Michael Richo of Wallingford, Connecticut, was arrested yesterday after an FBI investigation. It is unknown exactly how long Richo was being investigated, but he is being accused of being the man behind the dark net market phishing scheme.
For some time now, dark net market users have been issued warnings regarding phishing links that were being deployed and posted on forums. When users clicked these malicious links, they were directed to what appeared to be the appropriate marketplace log in. Little did they know that it was a page designed to look identical to the real thing. This page, however, just happened to be stealing log in credentials.
After Richo gained control of the unlucky user’s account, he would monitor them for deposits, and then proceeded to withdraw the bitcoin account balances and deposit them into his own bitcoin wallet. After the bitcoin were in his wallet, Richo then sold the stolen coin to individuals for fiat currency, which was then deposited into a bank account under the control of Richo.
The Department of Justice notice states that Richo was found to be in possession of over 10,000 stolen dark net marketplace accounts.
The notice stated further:
The complaint alleges that RICHO posted fake links to online marketplaces on dark web forums. The links directed individuals to a fake login page that looked like the real login pages for the various online marketplaces. When individuals attempted to log in, RICHO stole his or her username and password. Once he had an individual’s username and password, RICHO monitored the individual’s bitcoin balance at the real marketplace. If the individual later deposited bitcoins with the real marketplace, RICHO withdrew the bitcoins before the individual could spend them, and caused the stolen bitcoins to be deposited into his own bitcoin wallet. RICHO then sold the stolen bitcoins to others in exchange for U.S. currency, which was deposited into a bank account that RICHO controlled.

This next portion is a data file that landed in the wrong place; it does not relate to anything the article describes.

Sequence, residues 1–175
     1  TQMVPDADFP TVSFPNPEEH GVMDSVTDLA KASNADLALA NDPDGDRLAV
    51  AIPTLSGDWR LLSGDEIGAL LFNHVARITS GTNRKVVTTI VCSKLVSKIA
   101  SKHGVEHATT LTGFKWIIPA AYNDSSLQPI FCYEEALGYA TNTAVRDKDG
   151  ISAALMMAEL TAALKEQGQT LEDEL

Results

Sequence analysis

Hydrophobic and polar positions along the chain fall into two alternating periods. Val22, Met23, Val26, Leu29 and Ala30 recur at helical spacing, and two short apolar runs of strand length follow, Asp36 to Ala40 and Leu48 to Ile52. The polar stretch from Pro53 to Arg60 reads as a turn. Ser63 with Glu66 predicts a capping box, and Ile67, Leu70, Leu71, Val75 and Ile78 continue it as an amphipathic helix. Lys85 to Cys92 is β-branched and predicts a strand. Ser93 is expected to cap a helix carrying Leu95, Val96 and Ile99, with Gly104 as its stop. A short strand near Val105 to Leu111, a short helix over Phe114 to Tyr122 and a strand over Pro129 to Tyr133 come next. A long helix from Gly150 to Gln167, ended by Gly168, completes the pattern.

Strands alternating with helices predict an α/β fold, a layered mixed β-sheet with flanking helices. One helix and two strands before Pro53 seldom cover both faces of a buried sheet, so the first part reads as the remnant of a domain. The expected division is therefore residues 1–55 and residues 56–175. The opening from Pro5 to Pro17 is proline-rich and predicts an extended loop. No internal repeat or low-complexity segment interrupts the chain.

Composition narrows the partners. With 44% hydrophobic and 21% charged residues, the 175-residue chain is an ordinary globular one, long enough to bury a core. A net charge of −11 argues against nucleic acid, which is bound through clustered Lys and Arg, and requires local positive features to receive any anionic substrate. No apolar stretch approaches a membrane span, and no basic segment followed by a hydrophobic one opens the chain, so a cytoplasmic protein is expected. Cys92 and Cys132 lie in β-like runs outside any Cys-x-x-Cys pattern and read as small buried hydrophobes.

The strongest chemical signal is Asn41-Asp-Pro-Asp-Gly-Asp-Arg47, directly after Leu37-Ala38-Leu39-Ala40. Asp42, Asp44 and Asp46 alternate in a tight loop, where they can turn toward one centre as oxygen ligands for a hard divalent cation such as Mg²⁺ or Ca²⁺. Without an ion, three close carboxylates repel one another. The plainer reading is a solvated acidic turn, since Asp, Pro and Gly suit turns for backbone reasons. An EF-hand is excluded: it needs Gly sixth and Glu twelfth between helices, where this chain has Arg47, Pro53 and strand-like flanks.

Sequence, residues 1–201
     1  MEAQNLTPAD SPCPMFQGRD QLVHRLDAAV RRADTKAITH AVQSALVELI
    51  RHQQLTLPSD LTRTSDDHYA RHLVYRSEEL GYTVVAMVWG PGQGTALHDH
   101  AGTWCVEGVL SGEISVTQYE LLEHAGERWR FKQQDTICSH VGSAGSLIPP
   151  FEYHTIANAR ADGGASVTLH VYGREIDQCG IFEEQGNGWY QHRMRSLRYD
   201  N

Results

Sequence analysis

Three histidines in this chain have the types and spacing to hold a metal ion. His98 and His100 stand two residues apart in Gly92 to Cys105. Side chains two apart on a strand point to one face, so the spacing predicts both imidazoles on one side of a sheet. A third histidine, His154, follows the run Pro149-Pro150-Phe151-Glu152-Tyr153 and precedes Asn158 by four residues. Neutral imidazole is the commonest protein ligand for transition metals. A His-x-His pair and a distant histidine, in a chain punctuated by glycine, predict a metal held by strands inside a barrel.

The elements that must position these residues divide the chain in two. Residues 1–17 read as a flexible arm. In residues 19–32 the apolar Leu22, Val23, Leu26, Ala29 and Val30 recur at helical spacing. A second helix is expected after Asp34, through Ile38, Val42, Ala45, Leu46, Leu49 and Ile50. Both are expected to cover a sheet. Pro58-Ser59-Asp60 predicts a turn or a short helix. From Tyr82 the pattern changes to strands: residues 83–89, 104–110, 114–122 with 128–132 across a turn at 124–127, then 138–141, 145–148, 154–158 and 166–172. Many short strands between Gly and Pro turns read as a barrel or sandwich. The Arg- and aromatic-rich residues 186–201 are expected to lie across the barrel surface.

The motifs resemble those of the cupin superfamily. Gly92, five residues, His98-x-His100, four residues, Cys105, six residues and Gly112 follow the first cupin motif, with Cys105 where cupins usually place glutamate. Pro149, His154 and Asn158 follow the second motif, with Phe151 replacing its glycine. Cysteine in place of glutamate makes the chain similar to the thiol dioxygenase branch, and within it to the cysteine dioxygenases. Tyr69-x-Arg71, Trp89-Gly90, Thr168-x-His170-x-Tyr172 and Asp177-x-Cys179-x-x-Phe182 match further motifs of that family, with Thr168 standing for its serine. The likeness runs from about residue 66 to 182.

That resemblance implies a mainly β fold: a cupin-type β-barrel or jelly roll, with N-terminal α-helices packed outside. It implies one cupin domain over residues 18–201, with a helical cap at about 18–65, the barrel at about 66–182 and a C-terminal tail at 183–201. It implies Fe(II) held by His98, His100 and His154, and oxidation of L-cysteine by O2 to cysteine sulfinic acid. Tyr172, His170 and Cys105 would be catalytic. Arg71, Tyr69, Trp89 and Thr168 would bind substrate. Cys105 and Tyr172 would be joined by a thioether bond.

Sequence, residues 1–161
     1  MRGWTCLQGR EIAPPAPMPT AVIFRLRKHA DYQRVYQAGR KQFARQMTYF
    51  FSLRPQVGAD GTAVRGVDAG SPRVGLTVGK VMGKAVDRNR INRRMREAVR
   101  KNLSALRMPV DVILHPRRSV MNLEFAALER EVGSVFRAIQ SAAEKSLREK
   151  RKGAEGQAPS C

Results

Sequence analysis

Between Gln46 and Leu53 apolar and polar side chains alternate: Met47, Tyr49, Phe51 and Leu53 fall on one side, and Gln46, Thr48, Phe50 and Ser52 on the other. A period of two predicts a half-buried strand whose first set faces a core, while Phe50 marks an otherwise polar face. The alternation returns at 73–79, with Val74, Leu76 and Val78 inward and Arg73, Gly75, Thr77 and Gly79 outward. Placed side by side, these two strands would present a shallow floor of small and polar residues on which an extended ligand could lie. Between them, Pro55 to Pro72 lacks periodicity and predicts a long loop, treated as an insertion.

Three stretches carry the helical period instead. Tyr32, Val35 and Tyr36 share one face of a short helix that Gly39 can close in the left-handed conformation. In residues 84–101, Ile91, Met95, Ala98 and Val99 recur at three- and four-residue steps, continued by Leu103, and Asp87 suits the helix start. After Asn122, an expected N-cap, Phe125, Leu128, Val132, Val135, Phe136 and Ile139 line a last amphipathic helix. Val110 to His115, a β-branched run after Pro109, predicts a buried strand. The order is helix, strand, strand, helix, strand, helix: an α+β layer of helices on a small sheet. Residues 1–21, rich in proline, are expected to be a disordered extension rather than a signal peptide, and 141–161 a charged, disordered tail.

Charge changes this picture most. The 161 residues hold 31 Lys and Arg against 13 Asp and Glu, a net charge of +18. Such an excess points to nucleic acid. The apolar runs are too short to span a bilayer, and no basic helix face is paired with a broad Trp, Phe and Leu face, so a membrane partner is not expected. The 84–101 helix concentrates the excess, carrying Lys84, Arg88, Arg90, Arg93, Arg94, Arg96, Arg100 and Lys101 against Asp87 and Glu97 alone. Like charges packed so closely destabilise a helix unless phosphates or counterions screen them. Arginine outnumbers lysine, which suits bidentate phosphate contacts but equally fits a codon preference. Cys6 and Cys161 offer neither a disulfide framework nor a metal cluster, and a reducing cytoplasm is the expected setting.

Richo appeared in court yesterday and is being charged with access device fraud, computer fraud, wire fraud, identity theft, and money laundering. If found guilty on the charges, Richo faces up to 37 years in prison.
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